The low uptake of the network is a symptom of broker bravery, says Andy Cook

So farewell Network Extra. After just four months, Camberford Law has shelved its original plan to run an independent broker network and the project's high profile managing director and former Groupama boss, Lloyd Hanks, has left. Instead Network Extra will be subsumed into Camberford Law.

So what went wrong? According to Camberford Law chief executive Richard Sheikh, brokers were unwilling to commit to placing 100% of their business through a network. And that's despite Sheikh's ability to get the backing of at least ten underwriters to support everything a small business would need - bar commercial vehicle insurance.

It would, in all probability, be unfair to blame the model, which allowed brokers to join the network for £1,000 and then pay £350 per quarter for placing all their business through the virtual insurer.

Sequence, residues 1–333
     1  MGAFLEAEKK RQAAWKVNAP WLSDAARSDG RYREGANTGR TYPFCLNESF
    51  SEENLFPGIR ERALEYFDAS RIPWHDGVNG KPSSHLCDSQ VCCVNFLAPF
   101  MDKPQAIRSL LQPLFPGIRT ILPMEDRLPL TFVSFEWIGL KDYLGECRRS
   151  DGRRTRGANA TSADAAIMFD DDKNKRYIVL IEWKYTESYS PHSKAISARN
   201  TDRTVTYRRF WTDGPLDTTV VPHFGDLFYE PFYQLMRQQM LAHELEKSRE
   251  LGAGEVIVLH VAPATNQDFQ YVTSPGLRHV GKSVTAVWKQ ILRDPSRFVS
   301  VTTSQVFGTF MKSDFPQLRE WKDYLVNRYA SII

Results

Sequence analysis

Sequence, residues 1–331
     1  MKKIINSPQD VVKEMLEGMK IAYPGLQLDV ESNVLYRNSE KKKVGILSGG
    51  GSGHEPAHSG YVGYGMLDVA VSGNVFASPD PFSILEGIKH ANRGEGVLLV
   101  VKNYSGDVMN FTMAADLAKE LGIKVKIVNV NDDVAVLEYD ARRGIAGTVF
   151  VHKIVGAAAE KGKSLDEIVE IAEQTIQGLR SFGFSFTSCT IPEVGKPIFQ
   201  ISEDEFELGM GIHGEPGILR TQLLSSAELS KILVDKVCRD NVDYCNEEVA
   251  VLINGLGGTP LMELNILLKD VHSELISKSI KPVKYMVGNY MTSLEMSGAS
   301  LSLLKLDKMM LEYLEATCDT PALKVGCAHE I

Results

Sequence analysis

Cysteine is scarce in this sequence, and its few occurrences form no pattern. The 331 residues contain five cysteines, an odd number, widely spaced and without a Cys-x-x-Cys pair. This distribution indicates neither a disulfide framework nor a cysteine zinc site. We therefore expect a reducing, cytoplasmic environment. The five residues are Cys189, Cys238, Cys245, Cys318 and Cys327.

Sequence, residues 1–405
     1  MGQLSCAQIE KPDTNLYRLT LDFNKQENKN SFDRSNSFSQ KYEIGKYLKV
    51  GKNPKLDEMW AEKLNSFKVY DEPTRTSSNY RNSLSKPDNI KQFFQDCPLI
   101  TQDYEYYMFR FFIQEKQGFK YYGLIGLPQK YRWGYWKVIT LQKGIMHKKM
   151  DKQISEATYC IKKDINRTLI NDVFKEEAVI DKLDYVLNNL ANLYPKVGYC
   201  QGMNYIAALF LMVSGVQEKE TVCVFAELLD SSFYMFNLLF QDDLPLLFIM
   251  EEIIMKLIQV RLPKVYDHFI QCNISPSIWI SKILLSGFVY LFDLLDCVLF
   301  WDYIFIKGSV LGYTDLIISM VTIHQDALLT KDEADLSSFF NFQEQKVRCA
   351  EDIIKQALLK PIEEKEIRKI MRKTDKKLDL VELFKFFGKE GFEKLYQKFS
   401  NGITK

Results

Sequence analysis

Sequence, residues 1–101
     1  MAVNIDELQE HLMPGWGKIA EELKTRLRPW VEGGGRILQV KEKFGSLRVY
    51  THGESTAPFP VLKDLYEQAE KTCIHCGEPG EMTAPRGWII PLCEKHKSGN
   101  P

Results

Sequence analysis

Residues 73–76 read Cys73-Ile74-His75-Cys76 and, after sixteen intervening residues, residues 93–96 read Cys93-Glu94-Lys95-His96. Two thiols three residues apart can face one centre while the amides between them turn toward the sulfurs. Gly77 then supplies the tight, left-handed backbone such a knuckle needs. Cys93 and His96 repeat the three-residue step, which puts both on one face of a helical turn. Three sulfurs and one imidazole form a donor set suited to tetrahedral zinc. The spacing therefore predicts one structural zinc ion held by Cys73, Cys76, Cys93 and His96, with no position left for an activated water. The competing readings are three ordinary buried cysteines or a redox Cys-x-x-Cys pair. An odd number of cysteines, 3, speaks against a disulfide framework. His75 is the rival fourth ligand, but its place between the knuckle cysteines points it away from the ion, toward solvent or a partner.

That said, the fact that markets are softening more quickly than many expected means that brokers are not seeking the security of a wholesaler that is as well connected as Camberford Law.

The failure of Network Extra to take off in the way that Sheikh would have liked is more a symptom of the impact of regulatory compliance. In 2003, when Sheikh was dreaming up the model, it seemed that brokers would have three options in the face of regulation. Brokers would either tackle compliance themselves or let others take up the slack by selling up or joining a network.

What we have misjudged is the appetite of smaller brokers to take on regulation themselves. There has not been a flood of small or medium-sized brokers who want to sell up.

The admirable attitude of many is: let's give it a go. If it all looks too difficult or too expensive post-regulation then we could see more brokers come on to the market,but this again will be more of a trickle than a deluge.